In the fall of 2022, over 43.3 percent of new freshmen enrolled at UC Berkeley identified as Asian or Pacific Islander. A common stereotype about Asian students is that they’re only ever focused on work, but the reality is that the dominant precence of AAPI heritage on campus adds joy and variation to the campus outside of academic achievements.
The Indian Students Association (ISA) at UC Berkeley is a student run organization with a council of 30 students. They organize events for Indian students, giving them the opportunity to connect with their culture and their peers. Events include game nights, movie nights, and holiday celebrations. In the fall, the ISA organizes Garba, Diwali and Holi celebrations. These events give Indian students the opportunity to continue traditions or explore new ones, all with the support of others who share part of their identity.
The events are also for the most part open to the public, so it’s also a chance for other students to learn more about Indian holidays and traditions. By educating the student population, the ISA disproves stereotypes and allows for a more whole, accurate view of Indian culture. The ISA is an important organization because it gives students a place to celebrate their identity with many others, adding needed excitement to daily campus life. The importance of AAPI history doesn’t just lie in celebrations. UC Berkeley AAPI students have also been using art to express the more painful parts of their history, allowing other students to interact with it and reflect.
The history of Angel Island is a heavy one for Chinese Americans. Choreographer Lenora Lee used the experiences of Angel Island detainees to inspire Within These Walls, an immersive dance that was featured in the Zellerbach Playhouse in UC Berkeley as a part of the 2023 Berkeley Dance Project. 14 student-dancers represented characters processed on Angel Island, some based on real people. The importance of Within These Walls lies in the history it showcases, and gives Asian students a chance to process pain and grief through art.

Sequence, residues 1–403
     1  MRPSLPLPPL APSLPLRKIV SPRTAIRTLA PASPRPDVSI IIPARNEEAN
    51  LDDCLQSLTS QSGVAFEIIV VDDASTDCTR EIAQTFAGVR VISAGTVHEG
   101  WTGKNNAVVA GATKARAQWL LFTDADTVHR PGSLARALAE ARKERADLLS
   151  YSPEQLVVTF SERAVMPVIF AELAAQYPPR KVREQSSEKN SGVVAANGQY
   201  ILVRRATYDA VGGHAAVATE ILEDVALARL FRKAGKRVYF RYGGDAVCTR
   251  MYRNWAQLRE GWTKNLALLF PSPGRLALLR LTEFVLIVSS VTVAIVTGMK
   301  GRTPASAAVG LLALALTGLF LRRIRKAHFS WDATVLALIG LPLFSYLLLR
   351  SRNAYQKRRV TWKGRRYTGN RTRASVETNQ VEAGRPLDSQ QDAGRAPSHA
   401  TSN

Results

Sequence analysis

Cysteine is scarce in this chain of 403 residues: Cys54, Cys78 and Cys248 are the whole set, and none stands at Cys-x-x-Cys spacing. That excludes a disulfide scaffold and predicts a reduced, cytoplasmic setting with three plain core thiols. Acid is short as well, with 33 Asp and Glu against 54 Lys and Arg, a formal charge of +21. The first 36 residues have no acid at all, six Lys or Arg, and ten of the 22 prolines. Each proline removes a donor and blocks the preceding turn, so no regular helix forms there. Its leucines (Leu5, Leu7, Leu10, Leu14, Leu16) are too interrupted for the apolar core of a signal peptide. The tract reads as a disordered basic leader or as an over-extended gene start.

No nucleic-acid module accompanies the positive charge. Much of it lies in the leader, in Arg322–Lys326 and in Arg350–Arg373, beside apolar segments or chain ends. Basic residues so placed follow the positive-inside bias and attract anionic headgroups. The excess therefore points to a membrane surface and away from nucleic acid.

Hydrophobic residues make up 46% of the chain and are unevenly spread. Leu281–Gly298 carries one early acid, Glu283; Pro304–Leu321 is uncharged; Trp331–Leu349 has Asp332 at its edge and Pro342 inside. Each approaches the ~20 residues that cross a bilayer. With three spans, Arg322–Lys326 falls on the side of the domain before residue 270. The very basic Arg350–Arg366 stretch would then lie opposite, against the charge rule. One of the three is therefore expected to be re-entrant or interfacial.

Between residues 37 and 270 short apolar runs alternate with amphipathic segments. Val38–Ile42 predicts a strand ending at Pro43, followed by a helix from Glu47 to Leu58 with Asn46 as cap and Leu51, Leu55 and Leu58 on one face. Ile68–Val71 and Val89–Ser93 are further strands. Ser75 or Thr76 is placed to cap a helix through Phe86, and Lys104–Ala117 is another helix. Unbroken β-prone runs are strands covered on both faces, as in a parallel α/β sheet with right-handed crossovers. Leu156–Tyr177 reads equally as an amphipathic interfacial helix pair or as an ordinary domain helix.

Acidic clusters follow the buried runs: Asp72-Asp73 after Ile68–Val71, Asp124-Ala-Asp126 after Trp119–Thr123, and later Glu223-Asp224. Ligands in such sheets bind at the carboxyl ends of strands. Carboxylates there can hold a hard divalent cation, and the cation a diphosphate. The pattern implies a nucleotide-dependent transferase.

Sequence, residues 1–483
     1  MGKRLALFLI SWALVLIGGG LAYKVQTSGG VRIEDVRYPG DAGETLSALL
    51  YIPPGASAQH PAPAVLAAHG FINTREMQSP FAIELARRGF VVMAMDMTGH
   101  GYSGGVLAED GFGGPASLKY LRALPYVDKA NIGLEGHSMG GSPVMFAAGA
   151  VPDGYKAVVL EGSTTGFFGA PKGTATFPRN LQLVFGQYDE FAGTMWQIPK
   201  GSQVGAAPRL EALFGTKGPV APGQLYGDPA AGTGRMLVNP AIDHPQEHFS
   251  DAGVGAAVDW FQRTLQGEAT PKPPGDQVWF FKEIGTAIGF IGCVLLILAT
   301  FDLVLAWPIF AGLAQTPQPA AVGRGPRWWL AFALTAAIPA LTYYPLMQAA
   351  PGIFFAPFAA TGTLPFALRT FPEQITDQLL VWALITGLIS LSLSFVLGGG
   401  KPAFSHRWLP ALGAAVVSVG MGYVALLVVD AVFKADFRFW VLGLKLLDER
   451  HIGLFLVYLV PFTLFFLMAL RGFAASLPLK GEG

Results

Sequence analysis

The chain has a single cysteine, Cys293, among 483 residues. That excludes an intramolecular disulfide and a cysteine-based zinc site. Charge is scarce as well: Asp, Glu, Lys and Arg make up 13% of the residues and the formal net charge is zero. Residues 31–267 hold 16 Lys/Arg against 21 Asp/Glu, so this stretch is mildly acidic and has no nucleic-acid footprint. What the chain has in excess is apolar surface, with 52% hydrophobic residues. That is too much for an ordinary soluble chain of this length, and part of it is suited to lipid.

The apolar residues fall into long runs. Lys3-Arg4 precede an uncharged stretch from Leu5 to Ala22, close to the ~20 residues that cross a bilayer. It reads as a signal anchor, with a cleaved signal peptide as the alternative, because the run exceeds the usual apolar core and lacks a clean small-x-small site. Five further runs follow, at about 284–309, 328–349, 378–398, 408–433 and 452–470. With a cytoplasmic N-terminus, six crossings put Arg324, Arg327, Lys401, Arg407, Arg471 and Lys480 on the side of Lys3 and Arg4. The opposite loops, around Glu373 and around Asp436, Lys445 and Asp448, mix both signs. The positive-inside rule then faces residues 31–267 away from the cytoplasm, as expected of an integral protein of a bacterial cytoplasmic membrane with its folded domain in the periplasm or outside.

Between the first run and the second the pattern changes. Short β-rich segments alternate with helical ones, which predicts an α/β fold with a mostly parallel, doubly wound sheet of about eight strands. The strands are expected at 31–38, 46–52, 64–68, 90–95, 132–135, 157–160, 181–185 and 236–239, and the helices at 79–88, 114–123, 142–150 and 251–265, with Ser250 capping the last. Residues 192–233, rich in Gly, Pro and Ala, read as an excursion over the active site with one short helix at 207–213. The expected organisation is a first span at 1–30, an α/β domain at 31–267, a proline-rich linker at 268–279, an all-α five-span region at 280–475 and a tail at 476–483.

The production was a part of a campus wide project called “A Year on Angel Island”. Even though the project focused mainly on Angel Island, it additionally aimed to start discussions about race and immigration on a more general level. Students involved in the project were invited to share their own families’ migration stories, providing a safe space for those students to bond and think about their history.
From celebrating to grieving, AAPI students are taking initiative in organizing and participating in events that help them feel connected to their culture and history. What’s more, these events benefit all UC Berkeley students, even those who are not Asian. These events allow all students to empathize with many different experiences.